One month after coming of age in 1943, Donald R. Burgett was called up for the draft. He was excited to enlist and fight for his country in WWII and chose to sign up for the paratroopers. The training program was rigorous and extremely dangerous with many men never even making it into combat. Donald did, and he was determined to survive the war as well. In Currahee! he takes the reader through the whole process from boot camp, to waiting patiently in England to be called up for combat, and on to his first mission which ironically was one of the most intense and pivotal battles of the war, the Battle of Normandy. Donald miraculously survived those days and lived to tell his amazing tale in Currahee!.
Not being a huge fan of wartime and military history, I don't know if I would have picked up a book like Currahee! independently, but with this abridged version being found in the Reader's Digest Condensed Books - Vol. III, 1967 anthology, I couldn't resist reading it for the sake of completing the book. I have to say that I was pleasantly surprised by how engaging it was. Donald R. Burgett definitely seems to have a talent for story-telling, as many times, I felt like I was right there with him in the heat of battle. Although the wartime events certainly weren't easy to read about, they were still very interesting, and I feel like I learned some things not only about WWII paratroopers, but also about the Battle of Normandy.
It seems that paratrooper training was pretty brutal and the job itself was incredibly dangerous, so much so that that one of the author's training officers told all the recruits that they probably wouldn't live through the war. As it turns out several never even made it into combat, but were killed during training. The war itself was a horrific thing, and even though the narrative doesn't go into great detail, there were times that my stomach was churning at the mere thought of human beings inflicting that sort of violence and pain on one another. It almost seems that the author and his comrades had to virtually dehumanize the enemy in order to fight them, and cut off their emotions in order to leave their fallen brothers behind. I can't imagine having to do that, so I greatly respect the men and women who have fought for our freedom down through the ages. When Civil War General William T. Sherman said, "War is hell." he certainly had the right of it.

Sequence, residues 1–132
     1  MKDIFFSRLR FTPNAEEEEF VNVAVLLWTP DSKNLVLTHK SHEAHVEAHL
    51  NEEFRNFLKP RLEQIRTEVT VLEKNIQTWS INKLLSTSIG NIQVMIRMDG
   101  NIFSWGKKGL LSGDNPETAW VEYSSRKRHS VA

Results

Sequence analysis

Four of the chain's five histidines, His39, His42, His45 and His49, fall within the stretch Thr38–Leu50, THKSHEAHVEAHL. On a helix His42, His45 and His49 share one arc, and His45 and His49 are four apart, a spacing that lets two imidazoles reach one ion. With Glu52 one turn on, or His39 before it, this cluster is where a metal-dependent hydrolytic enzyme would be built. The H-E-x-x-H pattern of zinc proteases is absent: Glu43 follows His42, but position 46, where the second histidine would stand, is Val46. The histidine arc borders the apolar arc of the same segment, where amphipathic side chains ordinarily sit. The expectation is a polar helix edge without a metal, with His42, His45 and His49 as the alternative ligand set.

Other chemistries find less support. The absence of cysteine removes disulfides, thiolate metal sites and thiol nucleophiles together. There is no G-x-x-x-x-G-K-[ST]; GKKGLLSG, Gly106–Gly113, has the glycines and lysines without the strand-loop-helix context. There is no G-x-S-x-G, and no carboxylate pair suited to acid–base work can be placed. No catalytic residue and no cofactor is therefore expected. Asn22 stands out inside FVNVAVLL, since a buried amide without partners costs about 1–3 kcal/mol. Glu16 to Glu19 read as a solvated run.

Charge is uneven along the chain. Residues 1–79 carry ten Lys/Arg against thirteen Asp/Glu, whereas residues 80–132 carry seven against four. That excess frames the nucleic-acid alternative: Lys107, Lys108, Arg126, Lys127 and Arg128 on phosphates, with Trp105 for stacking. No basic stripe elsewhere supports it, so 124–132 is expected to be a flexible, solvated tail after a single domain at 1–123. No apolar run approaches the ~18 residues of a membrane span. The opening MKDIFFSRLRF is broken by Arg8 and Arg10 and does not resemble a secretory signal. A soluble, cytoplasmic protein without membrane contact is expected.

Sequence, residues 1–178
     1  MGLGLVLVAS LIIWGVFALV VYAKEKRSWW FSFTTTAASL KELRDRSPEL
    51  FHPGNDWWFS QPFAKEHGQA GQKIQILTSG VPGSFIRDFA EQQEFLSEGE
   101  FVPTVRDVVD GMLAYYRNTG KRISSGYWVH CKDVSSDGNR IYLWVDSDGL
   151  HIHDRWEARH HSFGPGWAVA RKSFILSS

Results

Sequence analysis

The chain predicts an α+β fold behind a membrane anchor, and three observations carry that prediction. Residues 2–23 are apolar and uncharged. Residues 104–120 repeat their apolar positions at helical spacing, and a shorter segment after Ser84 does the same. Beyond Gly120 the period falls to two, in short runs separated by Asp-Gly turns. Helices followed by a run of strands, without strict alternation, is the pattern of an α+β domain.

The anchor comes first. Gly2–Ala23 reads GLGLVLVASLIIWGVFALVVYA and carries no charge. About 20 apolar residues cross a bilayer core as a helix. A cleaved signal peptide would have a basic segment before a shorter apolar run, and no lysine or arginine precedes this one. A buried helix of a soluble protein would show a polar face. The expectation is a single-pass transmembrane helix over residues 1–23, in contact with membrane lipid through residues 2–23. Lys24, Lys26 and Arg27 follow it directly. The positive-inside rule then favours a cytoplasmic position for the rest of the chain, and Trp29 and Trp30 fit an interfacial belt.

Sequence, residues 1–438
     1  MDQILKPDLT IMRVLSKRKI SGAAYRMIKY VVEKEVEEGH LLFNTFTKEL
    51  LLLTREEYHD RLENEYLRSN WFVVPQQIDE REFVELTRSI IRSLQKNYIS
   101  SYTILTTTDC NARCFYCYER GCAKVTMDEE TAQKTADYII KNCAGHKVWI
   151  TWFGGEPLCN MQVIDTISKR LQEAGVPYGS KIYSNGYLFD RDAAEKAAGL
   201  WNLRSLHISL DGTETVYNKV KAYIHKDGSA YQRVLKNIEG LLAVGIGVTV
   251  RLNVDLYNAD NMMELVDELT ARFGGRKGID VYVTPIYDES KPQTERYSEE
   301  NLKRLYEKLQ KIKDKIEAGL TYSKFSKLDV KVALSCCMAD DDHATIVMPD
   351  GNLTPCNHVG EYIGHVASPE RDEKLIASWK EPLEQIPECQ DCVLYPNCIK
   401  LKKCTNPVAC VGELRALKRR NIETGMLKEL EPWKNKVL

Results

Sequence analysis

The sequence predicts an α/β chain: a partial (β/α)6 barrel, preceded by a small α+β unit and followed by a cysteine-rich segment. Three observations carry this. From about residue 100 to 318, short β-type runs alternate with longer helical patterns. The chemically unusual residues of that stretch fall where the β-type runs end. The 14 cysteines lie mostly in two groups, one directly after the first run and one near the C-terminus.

After reading this account, I have to say that Mr. Burgett was certainly an incredibly lucky man. So many times he was nearly killed, not the least of which was when a grenade exploded right next to him, yet somehow he managed to live to tell his amazing tales. I found it extremely ironic that he and all the men from his small barracks room #13 in England actually survived Normandy. Currahee! is a story that I would definitely recommend to anyone who is interested in military history, particularly involving WWII and paratroopers. I generally enjoyed it in spite of this not being a favorite topic. This abridged version appears to be a little less than half the length of the original book, but it was edited fairly well, as there were only a few times that I felt like the narrative jumped forward a bit too quickly.
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